plant, located 30 km north of Swakopomund. This marked the beginning of potable water production at the plant and a major milestone in the mining project that Areva is developing. Designed and constructed by Keyplan, a specialist water treatment subsidiary of Aveng, the plant turns seawater from the Atlantic Ocean into high-quality potable water for use at Areva’s Trekkopje uranium mine, which remains the largest direct foreign investment ever made in Namibia.

The plant is expected to produce 20-million cubic metres of potable water a year, which is enough to allow Areva to operate the mine without pumping any ground water. Areva chief executive and President Anne Lauvergeon said the partnership with the Namibia government had been a ‘win-win’ for all.

“We ensured that we have a mutually profitable partnership that can be socially and economically sustainable. It shows the country’s trust in our expertise and I have no doubt that our sound partnership will go far beyond uranium mining,” she said.

On power supplies, the chamber of mines said if nothing is done to generate power for the country, which relies on its neighbors for energy then the industry was doomed.

“Security of power remains critical to the prosperity of the industry. Adequate own-generation capacity is the only answer to Namibia’s power woes,” Leech said.

The chamber’s president also noted that the country’s power regulator should raise electricity prices “gradually as opposed to instantly”, adding that this would enable the industry, particularly new mines, to plan effectively. PricewaterhouseCoopers said in a report recently that although Namibia gets half of its power from South Africa this supply was not certain, putting mining companies “under severe pressure”.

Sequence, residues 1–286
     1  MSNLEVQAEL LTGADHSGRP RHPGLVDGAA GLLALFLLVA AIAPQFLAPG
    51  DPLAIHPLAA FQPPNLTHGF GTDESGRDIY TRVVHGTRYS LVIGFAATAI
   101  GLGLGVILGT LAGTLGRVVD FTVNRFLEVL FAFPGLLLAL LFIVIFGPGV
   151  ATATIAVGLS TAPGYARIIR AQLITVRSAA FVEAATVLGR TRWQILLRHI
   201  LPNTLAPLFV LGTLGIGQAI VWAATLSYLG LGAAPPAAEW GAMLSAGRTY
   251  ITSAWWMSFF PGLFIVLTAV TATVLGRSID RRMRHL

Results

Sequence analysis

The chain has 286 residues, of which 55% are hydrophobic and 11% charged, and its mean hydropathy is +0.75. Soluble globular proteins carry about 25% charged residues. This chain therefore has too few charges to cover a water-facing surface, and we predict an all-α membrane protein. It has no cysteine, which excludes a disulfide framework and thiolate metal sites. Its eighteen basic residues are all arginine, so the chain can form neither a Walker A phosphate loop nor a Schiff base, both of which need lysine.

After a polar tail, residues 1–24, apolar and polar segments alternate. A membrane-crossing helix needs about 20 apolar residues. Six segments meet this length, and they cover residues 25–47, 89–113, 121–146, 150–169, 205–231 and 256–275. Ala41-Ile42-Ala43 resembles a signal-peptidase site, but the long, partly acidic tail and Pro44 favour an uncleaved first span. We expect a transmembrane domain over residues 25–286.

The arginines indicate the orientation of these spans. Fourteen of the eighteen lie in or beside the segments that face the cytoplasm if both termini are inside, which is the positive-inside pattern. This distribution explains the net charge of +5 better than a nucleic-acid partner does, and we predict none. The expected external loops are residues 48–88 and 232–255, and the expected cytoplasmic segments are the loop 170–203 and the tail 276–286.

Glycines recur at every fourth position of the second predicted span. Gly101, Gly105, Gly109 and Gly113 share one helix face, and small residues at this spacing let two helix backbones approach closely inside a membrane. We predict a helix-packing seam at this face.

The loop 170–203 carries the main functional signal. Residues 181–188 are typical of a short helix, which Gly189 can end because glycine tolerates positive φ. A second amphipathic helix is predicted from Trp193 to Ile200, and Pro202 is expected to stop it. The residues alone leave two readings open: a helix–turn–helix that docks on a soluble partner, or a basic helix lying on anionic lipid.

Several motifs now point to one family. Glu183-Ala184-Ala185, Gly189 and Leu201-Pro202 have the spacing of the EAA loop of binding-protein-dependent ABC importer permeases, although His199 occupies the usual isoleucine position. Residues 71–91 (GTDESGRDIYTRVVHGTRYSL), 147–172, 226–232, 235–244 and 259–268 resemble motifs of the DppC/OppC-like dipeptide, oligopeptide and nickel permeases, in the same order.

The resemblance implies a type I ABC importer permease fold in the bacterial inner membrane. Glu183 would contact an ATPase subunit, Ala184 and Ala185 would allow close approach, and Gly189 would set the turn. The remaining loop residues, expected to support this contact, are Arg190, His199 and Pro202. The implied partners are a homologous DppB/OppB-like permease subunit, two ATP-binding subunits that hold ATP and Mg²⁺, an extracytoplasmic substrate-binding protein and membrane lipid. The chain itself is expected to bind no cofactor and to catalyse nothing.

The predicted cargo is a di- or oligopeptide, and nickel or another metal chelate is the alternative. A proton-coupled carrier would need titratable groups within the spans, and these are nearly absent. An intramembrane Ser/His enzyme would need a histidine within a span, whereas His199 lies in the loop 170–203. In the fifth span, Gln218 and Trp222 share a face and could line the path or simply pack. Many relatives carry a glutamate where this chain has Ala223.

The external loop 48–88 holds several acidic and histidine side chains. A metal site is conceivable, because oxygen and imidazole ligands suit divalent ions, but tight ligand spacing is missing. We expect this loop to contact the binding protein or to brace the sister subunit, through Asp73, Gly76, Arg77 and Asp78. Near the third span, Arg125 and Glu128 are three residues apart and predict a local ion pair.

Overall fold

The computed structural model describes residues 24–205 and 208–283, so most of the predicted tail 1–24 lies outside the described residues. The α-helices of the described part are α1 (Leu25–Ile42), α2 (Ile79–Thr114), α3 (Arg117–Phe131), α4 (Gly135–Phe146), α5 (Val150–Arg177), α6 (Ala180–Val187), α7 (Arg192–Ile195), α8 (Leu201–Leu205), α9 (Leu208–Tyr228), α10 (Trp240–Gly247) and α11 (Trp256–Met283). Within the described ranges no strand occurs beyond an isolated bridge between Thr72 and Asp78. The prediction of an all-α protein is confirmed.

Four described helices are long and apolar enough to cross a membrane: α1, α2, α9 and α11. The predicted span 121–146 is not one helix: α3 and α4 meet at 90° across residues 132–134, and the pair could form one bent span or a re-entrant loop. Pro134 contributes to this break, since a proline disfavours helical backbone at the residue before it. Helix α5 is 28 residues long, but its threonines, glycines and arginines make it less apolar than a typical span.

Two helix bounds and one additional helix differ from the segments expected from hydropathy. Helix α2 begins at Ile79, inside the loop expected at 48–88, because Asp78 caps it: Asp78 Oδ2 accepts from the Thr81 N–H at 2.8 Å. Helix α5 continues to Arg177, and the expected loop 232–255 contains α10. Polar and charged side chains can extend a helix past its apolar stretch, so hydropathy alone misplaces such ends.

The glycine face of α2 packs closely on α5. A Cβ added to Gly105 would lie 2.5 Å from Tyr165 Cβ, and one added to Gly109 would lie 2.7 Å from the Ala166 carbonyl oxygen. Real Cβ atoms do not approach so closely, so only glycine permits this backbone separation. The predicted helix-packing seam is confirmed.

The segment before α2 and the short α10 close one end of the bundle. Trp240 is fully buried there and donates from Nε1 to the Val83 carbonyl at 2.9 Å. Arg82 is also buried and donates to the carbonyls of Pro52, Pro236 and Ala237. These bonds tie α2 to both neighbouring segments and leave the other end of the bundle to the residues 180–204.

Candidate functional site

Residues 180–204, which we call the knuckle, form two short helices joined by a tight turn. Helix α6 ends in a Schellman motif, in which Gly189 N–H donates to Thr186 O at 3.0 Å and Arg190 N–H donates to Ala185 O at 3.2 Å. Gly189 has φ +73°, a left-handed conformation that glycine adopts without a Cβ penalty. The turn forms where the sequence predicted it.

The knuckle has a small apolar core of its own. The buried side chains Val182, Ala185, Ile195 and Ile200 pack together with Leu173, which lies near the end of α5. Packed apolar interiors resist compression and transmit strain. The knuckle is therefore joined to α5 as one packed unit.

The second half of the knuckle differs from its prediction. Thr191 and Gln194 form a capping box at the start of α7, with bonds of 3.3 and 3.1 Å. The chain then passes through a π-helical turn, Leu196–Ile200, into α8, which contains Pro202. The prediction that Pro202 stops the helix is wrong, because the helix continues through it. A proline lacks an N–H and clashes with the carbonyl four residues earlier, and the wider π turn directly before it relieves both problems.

The regulator granted power utility NamPower an 18 percent hike in power tariffs for 2010/11. The utility had asked for a 35 percent increase.

Given such a scenario it becomes quite axiomatic that the Kudu field project should come on board soon, as it will have an answer to the country’s energy woes.

The mines commissioner said “serious negotiations” were underway to develop the gas field in the near future.

The future, he talked about is 2013 when the Kudu field project is expected to be commissioned.

The project would generate 800 MW and reports say nearly half of that power would be for local consumption, while the rest would be imported by South Africa.

Leech said the industry was also concerned about the royalty tax passed at the end of 2008.

He said the tax would “increase rather than reduce investor risk”.

“(The tax) is likely ... to make it harder for exploration companies to get projects past the credit committees of the banking institutions they will have to raise the money from,” Leech said.

Uranium miners pay 3 percent of their gross sales in royalty taxes, on top of a 37, 5 percent corporate tax, and some analysts expect royalties to rise due to higher demand for uranium.

Rio Tinto’s Rossing mine currently pays 6 percent in royalties, while Areva receives some tax breaks under an economic development scheme.

Though Leech called for the promotion of public-private partnership, to create some kind of a win-win situation, the government argues that it is capable of supplying water and power to uranium miners.

“There is no reason to worry for would be a concern if we issue mining licenses without being able to provide water and electricity,” Shivolo said. PF